It was last summer when I watched the trailer to Looper. It was a promising time for Joseph Gordon-Levitt as he seemed to be picking up gigs left and right. At the time it looked like another cash-in on this new A-list figure before Daniel Radcliffe is old enough to not be associated with wand jokes. I wondered whether JGL was taking it all in to quickly without learning to say no. Premium Rush had just come out and JGL was the lead actor as a NYC bike messenger being chased around by cars due to a package he was in charge of delivering (?). At least that was what the TV spots led me to believe. Let’s not forget his role in The Dark Knight Rises, his second work with Christopher Nolan (and hopefully many more to come between the two). Not surprising, I was waiting for JGL’s first bad casting decision because it seemed all too inevitable.
My initial reaction to Looper was the complication with time travel plots. Ever since Terminator 2, there hasn’t been a film that involved time travel and pulled it off (12 Monkeys probably comes the closest). The setback with time travel on film is you need to base the plot on it while fully aware of the complicated paradoxes that emerge. Harry Potter and the Prisoner of Azkaban struggled with this and to this day it’s a well known joke around the fan base. Terminator 2 succeeded by never quite focusing the story on time travel but rather the consequences of time travel events. Looper seemed to take the second and dirty road. The trailer allowed just enough to know that the film will be completely engulfed with paradoxes. Why do they send these guys back in time to die? We get it, you need someone else to do your dirty work, but surely the writer could’ve used better story devices. Is time travel worth the risk? Why would you risk your audience over-thinking while watching the film?
How wrong I was. Looper knew its audience. And it did answer my first question rather early. When 30-year senior Joseph Simmons (Bruce Willis) from the future and the present Joseph (JGL) sit in a diner, they tackle this issue head on. Let me allow the dialogue to explain my case:
Old Joe (Bruce Willis): It’s hard staring into your eyes. It’s too strange.
Joe (JGL): Your face looks backwards.
Old Joe: Yeah.
Joe: So, do you know what’s gonna happen? You done all this already, as me?
Old Joe: I don’t wanna talk about time travel shit. Cause if we start talking about it, then we’re gonna be here all day talking about it, making diagrams with straws. It doesn’t matter.
Joe: If I hurt myself it changes your body. This is what I do now, change your memory.
[suddenly old Joe snaps in anger]
Old Joe: It doesn’t matter!
Looper screamed at us to shut up. It knew that we are looking for answers that don’t matter and wouldn’t solve the current problem. Just like the young arrogant Joe, we wanted to find a fault with the logic used just so he could dismiss the entire plot. It’s a form of composition/division fallacy that is quite common with audiences. I have been guilty of this quite a fair number of times.
On the subject of self awareness, let’s not forget Jeff Daniels’ character that mocks JGL. He smirks, “The movies that you dress like, are just copying other movies. Goddamn 20th century affectations. Do something new!” Could the film be any clearer? And he, too, clears up on the confusion of time travel paradoxes, “On top of which, a man from the future runs free long enough — [in a disgruntled and frustrated voice] — this time travel shit fries your brain like an egg.” It is quite clear the film knows it stands on pillars that might or might not exist (Schrödinger’s pillars?). But the fact it’s not falling, makes it pointless to worry about the pillars.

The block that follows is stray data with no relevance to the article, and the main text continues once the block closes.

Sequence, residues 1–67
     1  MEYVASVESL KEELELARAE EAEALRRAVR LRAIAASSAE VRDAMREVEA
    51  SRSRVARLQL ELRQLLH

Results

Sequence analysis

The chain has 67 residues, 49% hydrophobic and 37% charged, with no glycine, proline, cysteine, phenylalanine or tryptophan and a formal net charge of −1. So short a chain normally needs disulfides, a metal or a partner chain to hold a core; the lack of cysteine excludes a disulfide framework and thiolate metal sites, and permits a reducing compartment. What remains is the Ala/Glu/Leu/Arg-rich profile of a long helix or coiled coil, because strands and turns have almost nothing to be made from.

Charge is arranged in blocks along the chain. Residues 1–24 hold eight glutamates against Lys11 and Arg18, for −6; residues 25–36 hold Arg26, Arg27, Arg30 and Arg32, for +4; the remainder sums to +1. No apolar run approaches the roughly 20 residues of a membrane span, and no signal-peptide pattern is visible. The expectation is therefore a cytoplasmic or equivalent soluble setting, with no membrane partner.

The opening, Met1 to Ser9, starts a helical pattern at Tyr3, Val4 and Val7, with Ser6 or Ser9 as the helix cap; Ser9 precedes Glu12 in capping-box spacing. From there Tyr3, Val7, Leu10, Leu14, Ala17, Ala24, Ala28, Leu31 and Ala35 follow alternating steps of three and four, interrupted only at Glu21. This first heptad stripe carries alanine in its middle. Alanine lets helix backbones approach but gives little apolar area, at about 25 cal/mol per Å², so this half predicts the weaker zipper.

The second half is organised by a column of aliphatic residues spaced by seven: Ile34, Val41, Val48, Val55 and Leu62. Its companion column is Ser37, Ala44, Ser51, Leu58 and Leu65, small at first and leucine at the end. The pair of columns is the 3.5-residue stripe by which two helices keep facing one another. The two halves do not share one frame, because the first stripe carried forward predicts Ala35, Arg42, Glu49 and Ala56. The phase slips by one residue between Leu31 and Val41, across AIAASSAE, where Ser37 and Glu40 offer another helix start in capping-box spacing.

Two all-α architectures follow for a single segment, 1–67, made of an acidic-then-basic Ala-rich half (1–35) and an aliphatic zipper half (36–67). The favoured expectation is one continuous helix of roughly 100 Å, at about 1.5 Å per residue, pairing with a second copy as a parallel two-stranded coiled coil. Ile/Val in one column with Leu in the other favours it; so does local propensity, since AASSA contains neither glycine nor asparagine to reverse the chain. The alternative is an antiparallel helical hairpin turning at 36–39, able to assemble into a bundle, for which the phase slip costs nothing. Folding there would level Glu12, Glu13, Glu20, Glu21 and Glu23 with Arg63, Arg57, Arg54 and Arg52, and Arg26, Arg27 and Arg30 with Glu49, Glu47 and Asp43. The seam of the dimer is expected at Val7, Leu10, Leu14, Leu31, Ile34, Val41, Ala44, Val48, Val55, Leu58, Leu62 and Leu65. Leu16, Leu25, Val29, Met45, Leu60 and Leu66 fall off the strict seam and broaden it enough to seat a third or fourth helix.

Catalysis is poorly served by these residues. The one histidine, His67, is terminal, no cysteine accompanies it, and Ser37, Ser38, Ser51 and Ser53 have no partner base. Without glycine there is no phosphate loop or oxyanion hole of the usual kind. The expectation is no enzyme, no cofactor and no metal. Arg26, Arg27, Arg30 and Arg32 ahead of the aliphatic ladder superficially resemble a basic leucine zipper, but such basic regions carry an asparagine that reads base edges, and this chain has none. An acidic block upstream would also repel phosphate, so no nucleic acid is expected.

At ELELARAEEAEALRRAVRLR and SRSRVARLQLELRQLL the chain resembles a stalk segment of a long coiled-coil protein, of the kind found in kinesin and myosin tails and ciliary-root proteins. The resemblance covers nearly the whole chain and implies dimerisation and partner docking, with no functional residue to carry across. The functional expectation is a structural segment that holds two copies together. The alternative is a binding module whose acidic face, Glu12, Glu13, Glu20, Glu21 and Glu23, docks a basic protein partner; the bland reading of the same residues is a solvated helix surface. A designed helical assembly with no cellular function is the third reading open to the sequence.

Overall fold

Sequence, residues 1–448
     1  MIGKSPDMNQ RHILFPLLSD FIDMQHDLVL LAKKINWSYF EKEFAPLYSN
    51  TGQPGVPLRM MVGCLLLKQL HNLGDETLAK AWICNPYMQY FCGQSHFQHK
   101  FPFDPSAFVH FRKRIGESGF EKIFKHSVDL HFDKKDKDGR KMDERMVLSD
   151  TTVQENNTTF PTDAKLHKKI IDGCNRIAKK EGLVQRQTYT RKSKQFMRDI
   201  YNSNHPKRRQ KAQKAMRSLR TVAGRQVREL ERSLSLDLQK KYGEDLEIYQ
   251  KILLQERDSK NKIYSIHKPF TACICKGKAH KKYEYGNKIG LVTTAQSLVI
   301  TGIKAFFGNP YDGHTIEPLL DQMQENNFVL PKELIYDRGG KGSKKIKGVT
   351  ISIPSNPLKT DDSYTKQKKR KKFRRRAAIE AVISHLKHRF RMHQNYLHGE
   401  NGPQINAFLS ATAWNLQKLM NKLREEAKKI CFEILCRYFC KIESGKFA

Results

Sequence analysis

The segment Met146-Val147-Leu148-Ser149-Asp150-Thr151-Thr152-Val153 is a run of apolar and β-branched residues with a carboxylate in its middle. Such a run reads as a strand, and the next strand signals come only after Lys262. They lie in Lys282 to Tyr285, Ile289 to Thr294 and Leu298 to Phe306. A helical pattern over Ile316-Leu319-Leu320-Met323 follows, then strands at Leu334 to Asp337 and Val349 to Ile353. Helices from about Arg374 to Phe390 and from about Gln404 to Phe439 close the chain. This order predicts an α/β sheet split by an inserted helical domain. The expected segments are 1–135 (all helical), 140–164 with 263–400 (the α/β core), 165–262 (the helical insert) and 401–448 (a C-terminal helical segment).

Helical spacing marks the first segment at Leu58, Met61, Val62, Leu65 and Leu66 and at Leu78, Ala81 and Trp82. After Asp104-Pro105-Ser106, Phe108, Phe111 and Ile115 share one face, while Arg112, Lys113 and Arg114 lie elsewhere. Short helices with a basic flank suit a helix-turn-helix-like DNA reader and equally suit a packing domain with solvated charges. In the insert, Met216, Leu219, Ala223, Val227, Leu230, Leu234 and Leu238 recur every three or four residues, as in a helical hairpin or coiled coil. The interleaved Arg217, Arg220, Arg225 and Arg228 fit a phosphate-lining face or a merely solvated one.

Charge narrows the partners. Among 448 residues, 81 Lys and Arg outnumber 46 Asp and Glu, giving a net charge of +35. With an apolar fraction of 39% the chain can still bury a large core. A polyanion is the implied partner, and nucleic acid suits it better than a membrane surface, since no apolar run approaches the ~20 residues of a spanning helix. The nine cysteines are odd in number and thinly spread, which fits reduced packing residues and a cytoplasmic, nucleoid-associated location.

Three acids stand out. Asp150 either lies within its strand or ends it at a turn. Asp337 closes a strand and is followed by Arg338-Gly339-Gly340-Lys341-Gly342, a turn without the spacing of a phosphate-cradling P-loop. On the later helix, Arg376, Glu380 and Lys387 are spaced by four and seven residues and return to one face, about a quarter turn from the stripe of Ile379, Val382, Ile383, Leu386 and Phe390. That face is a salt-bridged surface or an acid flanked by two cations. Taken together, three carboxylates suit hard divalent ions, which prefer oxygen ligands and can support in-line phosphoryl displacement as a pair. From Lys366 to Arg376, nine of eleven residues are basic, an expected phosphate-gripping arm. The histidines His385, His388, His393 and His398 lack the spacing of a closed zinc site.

One of the classic rules of cinema is simply “Show, Don’t Tell”. Sci-fi as a genre benefits a lot from this. Blade Runner is a renowned Sci-fi film and I can vouch that its accolades stem from respecting this rule. Looper took lessons from this. The Mise-en-scene is full of interesting bits that we never quite fully explore. Here is where Sci-fi gains an advantage over other genres. Directors and writers get to take us on a tour in their worlds and allow us for the 2 hours to explore as much as we can. Minority Report allowed us to wonder whether targeted advertising was appealing or creepy. Blade Runner was filled with police paranoia and their omnipresence. These anecdotal memories are what stick longer than the actual plot. Looper introduced telekinetic characters who constantly played with lighters. It introduced eye-drops as recreational drugs. To some extent, it felt like the film didn’t even need a plot. The mere fact I get to live in the world for 2 hours suffices. A plot, however interesting, seems to act like a gateway into this magical world. The plot shouldn’t be there to hold together the fictional world. Quite contrary, the world should be large enough to hold up the plot and several others too. This applies to any fictional world whether in film, book or any other work of art. I caught myself imagining the despondent revelation of the telekinetic characters on their seemingly promising powers yielding disappointing results. The eye-drops drugs seemed to have an interesting story as Joe was quite addicted to them. These were heavy elements with equally interesting stories when compared to our main plot. Looper exposed these elements but never said a word about them. Leave it for the imagination.
In a time when the genre seems to be replaced by “comic-book sci-fi” Looper loudly reminded Sci-fi, “Do something new!” Ironically, ‘new’ involves going back 20 years and learning the core elements of classic Sci-fi. I would go as far as claiming that Looper would fit in any of the past 4 or 5 decades. It has easily established itself as timeless.